Planets approximately the size of Jupiter orbiting close to their star in other systems are often referred to as “Hot Jupiters.” It would appear that a new classification is required: Very Hot and Very Fast Jupiters. WASP-12b is an exoplanet, about 50% more massive than Jupiter, orbiting a star (imaginatively called WASP-12) over 800 light years away, but it isn’t any ordinary exoplanet. It orbits its host star 1/40th of the distance at which the Earth orbits the Sun and it takes a breathtaking one day to complete one orbit. As a consequence, its host star heats WASP-12b to record-breaking temperatures; the planet is being toasted up to 2250 °C. For an exoplanet of this size, to be orbiting so close to a star has caused a stir amongst planet hunters. WASP-12b is and oddity, there’s nothing else like it… so far.
This new discovery originates from the UK’s Wide Area Search for Planets, a.k.a. “SuperWASP”. SuperWASP is a robotic system surveying both hemispheres, consisting of two observatories (one in the Canary Islands, off the coast of Africa, called SuperWASP-North; one in South Africa called SuperWASP-South) with eight cameras in both. The north and south observatories are on the look out for extrasolar planets, but rather than focusing on one star and seeing whether it wobbles (thereby giving away the presence of the gravitational pull of an orbiting planet), SuperWASP looks out for the periodic dimming of stars as their companion planets pass in front of them. Since it began operations in 2004, the two observatories have found 15 transiting exoplanets (as of April 2008).
Now, astronomers have focused their attentions on one rather strange exoplanet. When WASP-12b was first seen by the robotic planet spotters, researchers knew they were on to something special. The speed at which WASP-12b was transiting its host star (WASP-12) indicated that it had an orbital period of only 1.1 (Earth) days. This therefore meant that it had to be located very close to the star. This meant that it was going to be hot. Very, very hot in fact. Early estimates put WASP-12b’s surface temperature into the record-breaking range, possibly challenging the calculated temperature of HD 149026b, an exoplanet some 257 light-years away in the constellation of Hercules, with an estimated temperature of 2050°C. WASP-12b has an estimated surface temperature of 2250°C – that’s half as hot as the temperature of our Sun’s photosphere, and approximately the same temperature as many Class M stars.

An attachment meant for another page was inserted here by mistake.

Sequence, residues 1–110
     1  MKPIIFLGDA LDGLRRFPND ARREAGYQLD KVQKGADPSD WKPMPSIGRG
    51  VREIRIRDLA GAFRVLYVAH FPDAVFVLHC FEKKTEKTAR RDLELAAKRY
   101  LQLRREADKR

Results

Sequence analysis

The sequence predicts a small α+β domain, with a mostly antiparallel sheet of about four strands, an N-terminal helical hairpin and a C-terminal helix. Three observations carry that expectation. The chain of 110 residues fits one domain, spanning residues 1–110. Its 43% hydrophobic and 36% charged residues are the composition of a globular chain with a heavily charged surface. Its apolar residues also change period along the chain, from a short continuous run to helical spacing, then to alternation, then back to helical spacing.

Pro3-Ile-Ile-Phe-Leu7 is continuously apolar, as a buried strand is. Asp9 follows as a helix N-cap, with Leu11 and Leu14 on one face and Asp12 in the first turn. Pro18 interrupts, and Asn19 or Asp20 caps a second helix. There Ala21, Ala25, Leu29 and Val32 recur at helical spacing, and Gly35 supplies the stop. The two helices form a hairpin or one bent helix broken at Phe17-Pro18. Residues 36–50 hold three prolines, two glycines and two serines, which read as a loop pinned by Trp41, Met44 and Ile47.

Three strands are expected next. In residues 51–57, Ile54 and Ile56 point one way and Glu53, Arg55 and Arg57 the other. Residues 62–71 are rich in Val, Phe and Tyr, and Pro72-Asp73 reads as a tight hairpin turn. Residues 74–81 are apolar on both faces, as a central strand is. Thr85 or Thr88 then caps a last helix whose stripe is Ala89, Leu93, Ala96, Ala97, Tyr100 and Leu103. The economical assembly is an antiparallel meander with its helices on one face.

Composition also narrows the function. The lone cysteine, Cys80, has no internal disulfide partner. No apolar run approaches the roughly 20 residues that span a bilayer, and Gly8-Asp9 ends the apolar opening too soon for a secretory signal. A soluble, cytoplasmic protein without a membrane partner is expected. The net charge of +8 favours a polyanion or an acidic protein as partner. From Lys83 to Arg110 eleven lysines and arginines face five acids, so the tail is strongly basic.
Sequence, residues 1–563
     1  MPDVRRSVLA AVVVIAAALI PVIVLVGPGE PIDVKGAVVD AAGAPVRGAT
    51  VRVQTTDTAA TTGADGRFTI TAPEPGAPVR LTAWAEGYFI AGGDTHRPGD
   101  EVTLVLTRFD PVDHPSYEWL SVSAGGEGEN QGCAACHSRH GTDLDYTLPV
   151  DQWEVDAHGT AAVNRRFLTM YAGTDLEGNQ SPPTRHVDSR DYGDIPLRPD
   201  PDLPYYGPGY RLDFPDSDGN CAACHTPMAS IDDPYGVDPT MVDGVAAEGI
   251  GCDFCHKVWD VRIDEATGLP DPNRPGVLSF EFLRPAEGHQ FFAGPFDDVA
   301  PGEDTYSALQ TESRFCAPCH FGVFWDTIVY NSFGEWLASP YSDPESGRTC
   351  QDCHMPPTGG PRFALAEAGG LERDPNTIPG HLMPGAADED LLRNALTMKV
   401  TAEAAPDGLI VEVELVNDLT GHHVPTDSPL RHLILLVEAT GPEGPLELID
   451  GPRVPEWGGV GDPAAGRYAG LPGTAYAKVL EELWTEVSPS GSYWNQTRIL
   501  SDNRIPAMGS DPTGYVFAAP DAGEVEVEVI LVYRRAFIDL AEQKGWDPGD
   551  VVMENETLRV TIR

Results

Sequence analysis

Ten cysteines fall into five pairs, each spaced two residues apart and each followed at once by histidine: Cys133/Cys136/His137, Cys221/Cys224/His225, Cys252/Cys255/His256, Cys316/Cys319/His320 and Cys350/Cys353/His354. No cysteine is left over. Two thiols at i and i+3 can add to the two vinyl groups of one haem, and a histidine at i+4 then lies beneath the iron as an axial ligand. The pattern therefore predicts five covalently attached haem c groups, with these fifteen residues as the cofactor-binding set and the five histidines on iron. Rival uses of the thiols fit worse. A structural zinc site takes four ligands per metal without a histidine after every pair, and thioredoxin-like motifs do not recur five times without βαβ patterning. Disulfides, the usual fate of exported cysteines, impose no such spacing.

Although impressive, there may be hotter “Hot Jupiters” out there, but the orbital velocity of WASP-12b will be a tougher record to beat. To date, most Jupiter-sized exoplanets have orbital periods of a few days, which led astronomers to believe there was some planetary mechanism preventing these planets from migrating very close to their host stars. Although Jupiter-like planets will have formed further away from their stars, they drift closer as they evolve until they settle into a stable orbit. Usually these orbits are located far away from the star, but WASP-12b obviously didn’t read the rule book before it set up home in its stellar oven.
“When the planets form and migrate inward, something is causing them to stop and preferentially stop with a period of three days,” said Leslie Hebb of the University of St Andrews, UK. “I was surprised that the period could be so much shorter.”
So WASP-12b has a strange orbit, making it orbit very fast, causing it to be heated to astounding temperatures. But the strangeness doesn’t stop there. It has a diameter 1.8 times that of Jupiter, far bigger than gas giants are thought to grow. However, the extreme temperatures WASP-12b is experiencing may explain its obesity problem – the star could be causing the planet to “puff up,” making the gas giant less dense, but blowing it 80% larger than Jupiter proportions.
Now, SuperWASP researchers hope to probe the planetary system for UV light radiating from the exoplanet, possibly showing evidence that WASP-12b’s atmosphere is undergoing aggressive stripping or evaporation at such close proximity to the host star.
Source: New Scientist